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Born and raised in Lagos, Nigeria, Agnes Ugoji is a poet, activist and community organizer who lives in Boston, Massachusetts. At the age of 16, she was named one of Boston's 150 Women of Influence and Massachusetts’s first Individual Slam champion, placing first in the state. Ugoji ranked first in Massachusetts last year with her team from 826 Boston, a literary arts and tutoring center, and second in the world at Brave New Voices International Poetry Competition with her team from MassLEAP.

When Ugoji isn't performing, she can be found with her nose in a book in Dartmouth College's library or in the audience of local art venues, watching and listening to youth production and performances. In 2019, she decided to focus on academic writing and creative writing rather than competition-oriented works. Her recent poetry examines queer identities in Africa and her relationship with her mother. Ahiazu, her family’s small village in Nigeria, continues to uphold deep-seated traditions of patriarchal and hyper-masculine social standards. Ugoji’s process allows her to grow more comfortable with her identity and delve into her interest of implementing a female-centered education system that empowers young women through workshops and lessons in feminism, sexual education, and art. Ugoji ultimately aims to use her platform as an educated, immigrant black woman to spread health equity, self-love, self-care, and to empower other youth.

Ugoji is a sophomore at Dartmouth College studying Biology, Global Health and French. She has been published in the Boston Globe and the Improper Bostonian.



by Temitope Sholola and Agnes Ugoji

In the beginning

Oshun, Goddess of the sun and sweetwater

was tasked to sculpt the earth,

to replenish the barren soil with her sweet water.

The men,

Who saw her feminine energy as a weak force

laughed at her,

So Oshun took her water to the moon

And watched as the land dried

and thirsted for her return

When they asked her to come back

She forced the men to kiss her feet,


“What can you create without sun, without water,

Without women”

Once, a man spat on my face

So I crucified him with his own tongue

And I cursed him with a thirst that followed his children for generations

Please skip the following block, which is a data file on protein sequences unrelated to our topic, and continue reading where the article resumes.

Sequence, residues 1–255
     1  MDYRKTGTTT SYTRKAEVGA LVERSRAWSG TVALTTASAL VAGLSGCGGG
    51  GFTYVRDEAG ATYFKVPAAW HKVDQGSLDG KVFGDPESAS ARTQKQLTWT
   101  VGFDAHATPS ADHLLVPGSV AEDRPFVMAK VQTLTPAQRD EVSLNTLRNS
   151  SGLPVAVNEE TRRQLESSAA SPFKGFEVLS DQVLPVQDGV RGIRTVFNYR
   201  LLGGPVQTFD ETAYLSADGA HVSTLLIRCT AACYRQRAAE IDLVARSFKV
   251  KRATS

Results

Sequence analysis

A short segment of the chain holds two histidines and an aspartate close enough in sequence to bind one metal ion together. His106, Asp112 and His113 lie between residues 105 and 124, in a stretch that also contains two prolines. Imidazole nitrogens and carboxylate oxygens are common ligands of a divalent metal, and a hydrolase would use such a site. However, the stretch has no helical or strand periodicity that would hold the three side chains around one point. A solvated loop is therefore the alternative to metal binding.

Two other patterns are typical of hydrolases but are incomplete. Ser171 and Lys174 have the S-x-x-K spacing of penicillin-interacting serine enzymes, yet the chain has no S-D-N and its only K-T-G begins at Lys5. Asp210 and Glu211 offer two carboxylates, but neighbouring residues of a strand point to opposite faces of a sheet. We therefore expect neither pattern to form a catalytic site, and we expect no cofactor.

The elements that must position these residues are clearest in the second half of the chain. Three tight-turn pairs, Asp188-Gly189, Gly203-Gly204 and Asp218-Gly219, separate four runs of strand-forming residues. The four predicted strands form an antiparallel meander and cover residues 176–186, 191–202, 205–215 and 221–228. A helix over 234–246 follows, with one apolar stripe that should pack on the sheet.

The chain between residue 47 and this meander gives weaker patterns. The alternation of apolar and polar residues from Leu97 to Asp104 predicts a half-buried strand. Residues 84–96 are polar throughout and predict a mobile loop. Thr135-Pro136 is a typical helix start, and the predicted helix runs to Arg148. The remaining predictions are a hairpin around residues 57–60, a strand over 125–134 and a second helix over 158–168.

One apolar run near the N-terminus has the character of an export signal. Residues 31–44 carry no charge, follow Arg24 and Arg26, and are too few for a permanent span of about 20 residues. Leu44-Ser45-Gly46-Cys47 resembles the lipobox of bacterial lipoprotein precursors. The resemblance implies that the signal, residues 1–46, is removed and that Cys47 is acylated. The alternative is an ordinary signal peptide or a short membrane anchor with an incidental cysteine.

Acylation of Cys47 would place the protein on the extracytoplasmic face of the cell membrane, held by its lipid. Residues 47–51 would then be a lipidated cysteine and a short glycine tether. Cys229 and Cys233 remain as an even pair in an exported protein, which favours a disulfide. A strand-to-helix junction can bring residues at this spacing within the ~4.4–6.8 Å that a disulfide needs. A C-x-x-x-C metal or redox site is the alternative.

Didn’t he know

Our sweet waters will fall sour in an ungrateful mans throat?

Once, a man thought he could beat me into submission

Thought my mother's spirit only colored my skin

So I stared him down during every beating

My sunshine brought a drought across his hands

He burnt his fists on my skin

I set his palms on fire

When a woman is the moisture in your mouth

When she is the sun that moves your solar system

Who are you to run from what made you?

Who are you to run from who you are?

When you treat a woman like a war zone,

Her blood won’t replenish the land

When your country is built on the oppression of women,

Don’t act like this feminine energy didn’t birth a nation

Like this womanhood doesn’t resonate from the ground you tried to bury us in

Leave it to man to beg

when he’s thirsty

Once, a man tried to corner me in a room

So I made his lungs collapse

make it hard for him to breathe

A man said my confidence made him nervous,

So I conjured a tsunami of blades in his stomach,

A man thinks he can do anything,

Says he can walk on water,

says he can walk on me

So I wrapped him in my waves and pulled him with the tide

And crushed him with water pressure

In a different tale, they say

a man so feared loneliness

that he tore out his own rib to keep him company,

that a woman was carved from his sacrifice

That she is the gaping hole in his side

But man has been known to be a fragile being

That god broke man

to make a woman,

so man breaks women

to make himself.

Man thought his ribs could cage us

As if he didn’t grow from the garden we planted

He calls himself our son

as if he doesn’t revolve around our waists.

Man claims he rules the seas,

as if we didn’t birth children in the oceans

he tried to drown us in